April 16, 2014

It’s just a half glass of water.

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The old question, “Is the glass half empty or half full?” draws the line between optimists and pessimists. Deciding if the glass is half empty or half full, however, is more about seeing the future, or believing that you can, than it is about seeing what’s right in front of you.

Why must the glass be on its way to gaining or losing? [Read more]

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Pushing through disillusionment

Struggling Tree
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Achieving a goal is often just about working through the grind. There will be disappointments and more than enough rejection, and dejection to go around at times, however, that’s when determination comes in to play.

Humility is necessary, because when you fail, you have to recognize that it’s not everyone else who is wrong, short-sighted, stupid, ignorant or lazy. They simply have a point of view and a set of preferences, as well as maybe a few bad habits, that you haven’t yet figured out a way to overcome. The problem might not be with your message, but with your ability to deliver that message. Understand that there’s something in your ability that’s lacking, which is why you’re unable to penetrate theirs. [Read more]

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Things I hate: “Too Busy to be Bored”

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TweetI hate when people say, “i am too busy to be bored.”  Just because I have something to do doesn’t mean that it is the cure for boredom.  In fact, many of the things I have to do are the cause of boredom, much less the antidote. What is even worse is when someone with [...]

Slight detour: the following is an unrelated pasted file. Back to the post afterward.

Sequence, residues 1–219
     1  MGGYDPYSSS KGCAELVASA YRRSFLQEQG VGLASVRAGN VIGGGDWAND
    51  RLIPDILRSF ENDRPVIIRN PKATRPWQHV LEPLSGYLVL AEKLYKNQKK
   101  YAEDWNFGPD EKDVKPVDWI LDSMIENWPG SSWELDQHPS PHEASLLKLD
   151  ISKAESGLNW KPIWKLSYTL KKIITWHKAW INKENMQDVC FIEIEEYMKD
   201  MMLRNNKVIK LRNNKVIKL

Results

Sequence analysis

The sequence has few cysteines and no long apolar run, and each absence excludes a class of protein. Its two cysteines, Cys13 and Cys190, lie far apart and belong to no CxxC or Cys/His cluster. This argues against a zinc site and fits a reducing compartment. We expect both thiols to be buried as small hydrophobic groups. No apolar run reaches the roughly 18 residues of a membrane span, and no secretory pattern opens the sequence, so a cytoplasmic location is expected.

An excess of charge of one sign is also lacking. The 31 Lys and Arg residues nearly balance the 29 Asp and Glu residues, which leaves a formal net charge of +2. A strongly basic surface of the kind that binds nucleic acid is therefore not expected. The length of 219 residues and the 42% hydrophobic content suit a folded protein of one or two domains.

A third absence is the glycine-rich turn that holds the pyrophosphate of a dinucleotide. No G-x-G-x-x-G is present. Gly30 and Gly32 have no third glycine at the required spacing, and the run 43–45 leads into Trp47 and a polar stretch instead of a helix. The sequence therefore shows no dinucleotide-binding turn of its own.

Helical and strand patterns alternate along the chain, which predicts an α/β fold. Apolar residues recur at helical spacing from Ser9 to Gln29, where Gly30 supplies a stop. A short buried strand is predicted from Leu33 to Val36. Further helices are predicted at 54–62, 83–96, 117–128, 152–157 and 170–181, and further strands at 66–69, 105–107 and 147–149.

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Stump the chump and the art of accountability

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This past Thursday night I delivered a presentation on understanding the 7 Wastes of Lean and how they are manifested in project management. It was the largest gathering I’ve spoken to yet, and presented some interesting audience dynamics that were far different from when I presented the same topic to about 50-60 people at the New Hampshire chapter. Overall, the presentation was fairly well received, however, and I think I delivered my point. It was good speaking experience and gives me some time to reflect on how to work a larger room. At the end of the presentation, a question was asked of me by an audience member: “How do you make people accountable?”

I won’t bore people with the usual rhetoric: Approach the sponsor for additional support, lay out ground rules for the project team, establish tasks and task owners. Those things are fairly simple and rely on utilizing tools rather than getting down into core people-centered concepts. My best advice, then, is this:

Make friends. [Read more]

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Leadership, Culture and the Situation of Marissa Mayer

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Marissa Mayer, CEO of Yahoo, sent a shock wave across the internet and the blogosphere last weekend when she announced that Yahoo’s policy of allowing people to work remotely would be ended, and that remote-working employees would need to begin reporting to the office by June 2013.

The debate has raged over the wisdom of the move, with a heaping ton of criticism coming from culture-change advocates who point to research indicating that remote work programs are beneficial, while the other side of the coin points to lost engagement and productivity.

Mayer is attempting to benchmark against other organizations and believes that worked over there will also work at Yahoo. That’s a bit short-sighted, however, it’s also the exact same dynamic being offered by her critics – finding the best case example of a situation just like your preferred alternative, and then using that as evidence that the alternative is the right one. [Read more]

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So what if it’s important?